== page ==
France, Eurozone Out of Recession

    Men walk out of a Carrefour store after shopping, on July 9, 2013, in Bucharest, Romania. With 119 stores and sales of local one billion euros in 2011, the retail giant Carrefour intends to use the discovery by Romanians "joys" of consumption, after decades of deprivation under the communist regime.  AFP PHOTO / ANDREI PUNGOVSCHI        (Photo credit should read ANDREI PUNGOVSCHI/AFP/Getty Images)

    Andrei Pungovschi/AFP/Getty

    Bring out the champagne, the Eurozone is out of recession. According to economic data released on Wednesday, GDP grew by 0.3 percent in the second quarter of 2013, slightly ahead of forecasts. Germany and France both had unexpectedly strong growth, with France growing by 0.5 percent over the same quarter last year—the best results in two years. France’s unpopular Socialist government took credit for the turnaround, although analysts said that the unexpected growth came from improved domestic consumption, with industrial output increasing only accounting for minimal increases. Portugal, one of the countries that had been forced to take a bailout from the eurozone, reported 1.1 percent growth. But it wasn’t all good news: Spain’s economic output fell by 0.1 percent, and Italy and the Netherlands both dropped 0.2 percent.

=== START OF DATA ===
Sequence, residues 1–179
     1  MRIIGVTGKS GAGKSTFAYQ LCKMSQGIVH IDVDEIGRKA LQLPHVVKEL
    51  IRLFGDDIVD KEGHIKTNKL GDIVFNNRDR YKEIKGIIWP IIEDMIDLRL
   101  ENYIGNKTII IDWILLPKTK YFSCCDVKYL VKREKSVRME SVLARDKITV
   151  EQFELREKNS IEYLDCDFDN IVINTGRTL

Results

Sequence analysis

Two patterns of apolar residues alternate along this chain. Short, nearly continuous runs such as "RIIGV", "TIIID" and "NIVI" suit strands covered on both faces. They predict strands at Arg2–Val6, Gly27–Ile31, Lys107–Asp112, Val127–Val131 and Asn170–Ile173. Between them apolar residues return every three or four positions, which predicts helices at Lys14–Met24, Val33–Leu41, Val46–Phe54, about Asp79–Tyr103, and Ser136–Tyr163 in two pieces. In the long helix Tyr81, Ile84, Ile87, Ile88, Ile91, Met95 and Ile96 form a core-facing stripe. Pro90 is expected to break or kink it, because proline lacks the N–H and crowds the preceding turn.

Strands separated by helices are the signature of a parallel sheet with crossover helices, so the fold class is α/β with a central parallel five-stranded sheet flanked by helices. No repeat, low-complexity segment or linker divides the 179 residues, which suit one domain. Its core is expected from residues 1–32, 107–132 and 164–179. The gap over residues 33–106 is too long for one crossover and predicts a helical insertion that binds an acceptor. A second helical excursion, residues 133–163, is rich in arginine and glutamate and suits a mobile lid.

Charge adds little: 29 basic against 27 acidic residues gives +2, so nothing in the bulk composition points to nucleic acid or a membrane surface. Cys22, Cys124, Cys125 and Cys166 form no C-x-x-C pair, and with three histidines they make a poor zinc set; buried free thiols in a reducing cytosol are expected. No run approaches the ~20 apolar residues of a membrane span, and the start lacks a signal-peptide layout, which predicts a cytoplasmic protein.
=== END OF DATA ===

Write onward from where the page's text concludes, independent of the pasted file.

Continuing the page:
Read it at BBC News